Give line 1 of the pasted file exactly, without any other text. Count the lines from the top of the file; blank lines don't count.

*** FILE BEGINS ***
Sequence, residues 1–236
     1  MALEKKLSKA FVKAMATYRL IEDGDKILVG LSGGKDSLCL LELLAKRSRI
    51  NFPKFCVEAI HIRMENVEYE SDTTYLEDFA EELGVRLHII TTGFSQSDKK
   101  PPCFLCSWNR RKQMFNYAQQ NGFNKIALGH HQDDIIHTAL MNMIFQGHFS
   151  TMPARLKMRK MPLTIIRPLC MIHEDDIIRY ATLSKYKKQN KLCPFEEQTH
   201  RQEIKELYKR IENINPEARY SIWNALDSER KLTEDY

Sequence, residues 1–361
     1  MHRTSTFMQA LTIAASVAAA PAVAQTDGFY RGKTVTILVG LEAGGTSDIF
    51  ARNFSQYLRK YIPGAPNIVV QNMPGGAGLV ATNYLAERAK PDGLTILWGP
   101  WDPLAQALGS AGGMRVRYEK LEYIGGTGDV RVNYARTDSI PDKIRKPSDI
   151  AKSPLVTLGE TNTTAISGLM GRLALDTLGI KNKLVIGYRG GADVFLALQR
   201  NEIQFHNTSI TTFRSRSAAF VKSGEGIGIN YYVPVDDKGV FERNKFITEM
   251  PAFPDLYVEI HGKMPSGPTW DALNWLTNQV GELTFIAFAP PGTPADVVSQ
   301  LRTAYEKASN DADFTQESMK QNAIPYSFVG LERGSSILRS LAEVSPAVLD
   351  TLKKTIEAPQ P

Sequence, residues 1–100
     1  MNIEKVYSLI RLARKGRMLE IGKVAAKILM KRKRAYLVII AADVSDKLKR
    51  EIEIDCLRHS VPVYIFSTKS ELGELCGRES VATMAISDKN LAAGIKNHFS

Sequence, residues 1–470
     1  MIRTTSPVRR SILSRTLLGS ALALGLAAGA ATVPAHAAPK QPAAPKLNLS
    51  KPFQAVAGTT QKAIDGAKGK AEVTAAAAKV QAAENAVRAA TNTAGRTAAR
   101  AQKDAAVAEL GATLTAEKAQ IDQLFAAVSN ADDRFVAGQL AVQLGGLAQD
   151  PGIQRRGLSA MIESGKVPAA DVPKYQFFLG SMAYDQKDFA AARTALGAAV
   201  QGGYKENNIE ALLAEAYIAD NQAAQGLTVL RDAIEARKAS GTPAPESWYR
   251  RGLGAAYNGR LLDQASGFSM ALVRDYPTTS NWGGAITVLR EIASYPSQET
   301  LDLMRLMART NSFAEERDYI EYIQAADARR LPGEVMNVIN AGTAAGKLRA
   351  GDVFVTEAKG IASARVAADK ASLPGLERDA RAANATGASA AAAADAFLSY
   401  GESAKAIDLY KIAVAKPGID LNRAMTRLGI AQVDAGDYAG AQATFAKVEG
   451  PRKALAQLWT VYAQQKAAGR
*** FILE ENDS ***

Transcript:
Sequence, residues 1–236